HANCOCK COUNTY — Communities and organizations in the county and beyond are teaming up to develop plans for accelerating growth benefited by a $500 million state initiative.

The Indiana Regional Economic Acceleration and Development Initiative, or READI, is designed to propel public-private investments in quality of place and quality of life, innovation, entrepreneurship and talent attraction and development. So far, 18 regions across 91 of the state’s 92 counties intend to pursue READI funding, including two regions with participants in Hancock County.

READI hopefuls are creating regional development plans for investing in their growth and prosperity, outlining a series of strategies focused on physical projects and sustainable, multi-year programs to advance quality of place, quality of life and quality of opportunity.

To help regions achieve their goals, the Indiana Economic Development Corp. will award up to $50 million to each region through a 4-to-1 match. Regions will have the larger portion of the match, meaning if one seeks and gets $50 million, it would have to provide $200 million. Matches can be from local public and private sources and can include strategies focused on physical projects like infrastructure, workforce housing developments, revitalizing blighted or vacant properties and cultural amenities. They can also include sustainable, multi-year programs like talent attraction initiatives; public/ private partnerships to advance innovation in industry; and small-business support services.

The 70-40 Greater Mt. Comfort Corridor/Hancock READI Region is led by the Hancock Economic Development Council and includes representatives from Hancock and Marion counties. Named after Interstate 70, U.S. 40 and the quickly growing area along Mt. Comfort Road, almost 30 stakeholders have signed on or are considering doing so.

One of those stakeholders is the town of Cumberland, which straddles the Hancock/Marion county line. Town manager Ben Lipps noted that the READI region mirrors that overlap, with Hancock County partners like the county itself, the Coalition for Smart Growth in the Mount Comfort Corridor, and the Indianapolis Regional Airport in Mt. Comfort; as well as Marion County stakeholders like the east-side Indianapolis neighborhood of Irvington and the Indianapolis-based Community Alliance of the Far Eastside.

“We’re marching forward,” Lipps said. “We believe in this so much and we think it’s something that needs to happen for this region. We believe planning, and working together, and everyone being at the table is the most effective way to get a better community.”

Through READI, the region hopes to enhance work underway toward addressing issues like worker shortages, breaking transportation barriers for workers, expanding trail connections and creating resources for entrepreneurs, Lipps said.

Housing is another concern, he continued, pointing to an Indianapolis-based Veridus Group study underway that’s found more than 13,000 new housing units will be needed in the next 10 years along the Mt. Comfort Corridor.

“One of the other things that we think is really key in this is partnering with the far east side of Indianapolis,” Lipps added. “It’s under-served. We’re trying to address issues in health care, job training, food insecurity, access to jobs, and then reinvesting in the neighborhoods with redevelopment projects.”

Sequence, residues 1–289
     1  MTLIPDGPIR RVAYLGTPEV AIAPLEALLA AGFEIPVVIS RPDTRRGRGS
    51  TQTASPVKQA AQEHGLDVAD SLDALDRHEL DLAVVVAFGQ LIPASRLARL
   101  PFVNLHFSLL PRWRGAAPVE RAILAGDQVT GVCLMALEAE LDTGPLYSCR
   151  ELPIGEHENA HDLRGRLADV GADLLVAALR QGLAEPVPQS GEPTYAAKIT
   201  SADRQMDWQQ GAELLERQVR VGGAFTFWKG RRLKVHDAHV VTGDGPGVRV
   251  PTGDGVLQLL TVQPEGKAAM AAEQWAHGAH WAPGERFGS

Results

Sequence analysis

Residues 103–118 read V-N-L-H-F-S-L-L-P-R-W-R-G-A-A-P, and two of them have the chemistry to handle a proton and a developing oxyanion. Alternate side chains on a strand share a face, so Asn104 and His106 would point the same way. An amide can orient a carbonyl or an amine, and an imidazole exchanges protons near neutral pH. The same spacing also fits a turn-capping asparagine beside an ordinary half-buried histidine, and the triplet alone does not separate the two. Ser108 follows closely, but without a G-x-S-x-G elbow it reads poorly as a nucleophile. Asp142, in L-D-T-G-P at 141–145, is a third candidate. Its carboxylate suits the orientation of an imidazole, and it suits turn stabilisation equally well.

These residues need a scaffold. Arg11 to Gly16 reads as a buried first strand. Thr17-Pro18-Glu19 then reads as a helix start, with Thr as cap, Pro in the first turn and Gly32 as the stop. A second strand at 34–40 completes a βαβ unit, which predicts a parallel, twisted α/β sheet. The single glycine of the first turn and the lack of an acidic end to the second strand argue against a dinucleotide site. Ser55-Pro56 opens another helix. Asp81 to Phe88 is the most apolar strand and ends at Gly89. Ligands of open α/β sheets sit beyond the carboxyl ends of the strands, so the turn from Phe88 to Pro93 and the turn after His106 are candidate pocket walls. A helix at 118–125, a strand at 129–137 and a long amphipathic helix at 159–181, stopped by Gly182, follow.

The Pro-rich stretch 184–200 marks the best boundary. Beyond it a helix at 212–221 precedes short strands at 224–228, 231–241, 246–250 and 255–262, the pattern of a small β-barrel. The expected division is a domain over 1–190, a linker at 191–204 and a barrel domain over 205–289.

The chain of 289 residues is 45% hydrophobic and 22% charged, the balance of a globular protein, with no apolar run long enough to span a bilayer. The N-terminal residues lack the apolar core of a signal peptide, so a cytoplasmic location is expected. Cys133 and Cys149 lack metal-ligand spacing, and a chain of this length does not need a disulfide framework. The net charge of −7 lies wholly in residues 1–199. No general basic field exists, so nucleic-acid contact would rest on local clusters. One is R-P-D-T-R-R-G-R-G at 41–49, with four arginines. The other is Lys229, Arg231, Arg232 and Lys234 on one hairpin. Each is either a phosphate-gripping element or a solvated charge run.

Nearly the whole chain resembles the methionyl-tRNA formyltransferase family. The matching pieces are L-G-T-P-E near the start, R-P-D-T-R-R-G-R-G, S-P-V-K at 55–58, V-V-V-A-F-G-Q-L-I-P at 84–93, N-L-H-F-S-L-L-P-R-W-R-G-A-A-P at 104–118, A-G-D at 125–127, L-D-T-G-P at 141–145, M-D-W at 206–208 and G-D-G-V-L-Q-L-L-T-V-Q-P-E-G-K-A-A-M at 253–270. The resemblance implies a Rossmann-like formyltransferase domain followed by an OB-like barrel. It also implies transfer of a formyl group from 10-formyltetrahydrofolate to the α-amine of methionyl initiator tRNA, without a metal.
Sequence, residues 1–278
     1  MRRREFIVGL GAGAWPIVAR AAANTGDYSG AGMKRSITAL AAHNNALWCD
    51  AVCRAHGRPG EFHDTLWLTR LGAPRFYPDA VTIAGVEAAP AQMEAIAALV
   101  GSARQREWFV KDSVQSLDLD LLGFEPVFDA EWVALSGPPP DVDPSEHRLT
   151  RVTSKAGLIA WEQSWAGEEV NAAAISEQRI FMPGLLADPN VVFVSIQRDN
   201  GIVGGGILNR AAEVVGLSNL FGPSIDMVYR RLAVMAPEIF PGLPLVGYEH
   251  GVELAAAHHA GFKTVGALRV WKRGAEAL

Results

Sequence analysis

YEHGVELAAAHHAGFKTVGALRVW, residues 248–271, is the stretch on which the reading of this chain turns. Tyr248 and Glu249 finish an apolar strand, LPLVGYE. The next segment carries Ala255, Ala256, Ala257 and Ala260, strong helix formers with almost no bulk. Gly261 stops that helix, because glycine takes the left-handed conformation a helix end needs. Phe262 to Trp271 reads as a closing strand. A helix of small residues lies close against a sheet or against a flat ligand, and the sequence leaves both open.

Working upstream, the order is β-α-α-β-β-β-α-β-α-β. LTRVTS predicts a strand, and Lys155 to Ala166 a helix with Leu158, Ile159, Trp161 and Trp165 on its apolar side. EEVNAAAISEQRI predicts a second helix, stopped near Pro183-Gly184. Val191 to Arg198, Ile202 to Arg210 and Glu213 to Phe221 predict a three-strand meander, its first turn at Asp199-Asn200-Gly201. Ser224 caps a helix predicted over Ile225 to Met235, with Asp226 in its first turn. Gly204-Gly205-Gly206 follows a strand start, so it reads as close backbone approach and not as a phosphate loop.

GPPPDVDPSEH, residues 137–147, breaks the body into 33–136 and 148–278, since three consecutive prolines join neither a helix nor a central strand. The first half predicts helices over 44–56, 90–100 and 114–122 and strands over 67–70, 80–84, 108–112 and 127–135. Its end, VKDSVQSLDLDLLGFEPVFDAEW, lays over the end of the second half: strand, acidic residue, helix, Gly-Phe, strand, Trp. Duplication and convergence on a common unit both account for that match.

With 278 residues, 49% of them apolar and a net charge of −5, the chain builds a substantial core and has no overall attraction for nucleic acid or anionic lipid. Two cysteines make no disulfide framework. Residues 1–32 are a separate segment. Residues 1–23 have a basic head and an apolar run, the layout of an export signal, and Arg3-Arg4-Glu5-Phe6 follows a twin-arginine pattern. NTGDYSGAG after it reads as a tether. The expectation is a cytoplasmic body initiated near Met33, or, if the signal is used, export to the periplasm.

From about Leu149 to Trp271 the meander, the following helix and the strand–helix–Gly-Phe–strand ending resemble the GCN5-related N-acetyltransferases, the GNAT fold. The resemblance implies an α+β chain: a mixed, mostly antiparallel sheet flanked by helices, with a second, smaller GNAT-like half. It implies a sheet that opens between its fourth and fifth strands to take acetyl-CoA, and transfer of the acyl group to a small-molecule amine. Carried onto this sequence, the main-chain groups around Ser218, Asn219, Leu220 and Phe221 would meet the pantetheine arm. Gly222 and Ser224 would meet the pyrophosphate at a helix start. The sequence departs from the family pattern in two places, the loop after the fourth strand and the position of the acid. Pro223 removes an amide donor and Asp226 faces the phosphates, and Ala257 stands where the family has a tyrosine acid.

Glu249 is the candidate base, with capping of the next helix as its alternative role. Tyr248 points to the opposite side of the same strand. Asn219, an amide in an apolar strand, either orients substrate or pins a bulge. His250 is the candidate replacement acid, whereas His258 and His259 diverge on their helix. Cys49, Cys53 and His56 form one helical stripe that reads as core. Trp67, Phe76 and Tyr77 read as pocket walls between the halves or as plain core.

NineStar Connect, a Greenfield-based utility cooperative providing fiber optic, electricity, water and sewer services in Hancock County and the surrounding area, is also part of the 70-40 Greater Mt. Comfort Corridor/Hancock READI Region.

“We think regional planning initiatives like READI are very important for the future of Hancock County and are great for finding solutions to larger issues that impact us and our neighboring communities,” April Fisher, NineStar Connect’s vice president for legal and data analytics, told the Daily Reporter in an email.

The Central Indiana-White River Regional Opportunity Initiative Partnership is led by the Central Indiana Regional Development Authority and Indianapolis Metropolitan Planning Organization. It includes representatives in Hamilton, Madison and Marion counties, as well as the town of McCordsville in Hancock County.

A news release from McCordsville notes the town’s proximity to Indianapolis, Fishers and Hamilton County and adds that it shares the same vision as the other Central Indiana-White River Regional Opportunity Initiative READI stakeholders. Most of McCordsville, including the area eyed for its ambitious town center project, is in the Geist Reservoir and Fall Creek watershed, which eventually flows into the White River.

“We believe that the town of McCordsville’s inclusion into this collaboration will benefit the White River and its tributaries by working to reduce pollutants entering the system through the use of environmentally friendly mitigation practices,” McCordsville Town Council president Barry Wood said in the release. “This will be a win/win for the waterway and the public in ensuring that the Geist Reservoir remains a healthy recreational and drinking water source for our region.”

READI regions have until Aug. 31 to submit plans, which will be evaluated in the fall.

The initiative was launched by Gov. Eric Holcomb and is led by the Indiana Economic Development Corp.

“We encourage stakeholders to collaborate and think big,” Holcomb said in a news release. “Focus not only on shovel-ready, but on multi-year programs to develop talent, drive innovation and improve the quality of life, which will transform our great Hoosier state for future generations to come.”
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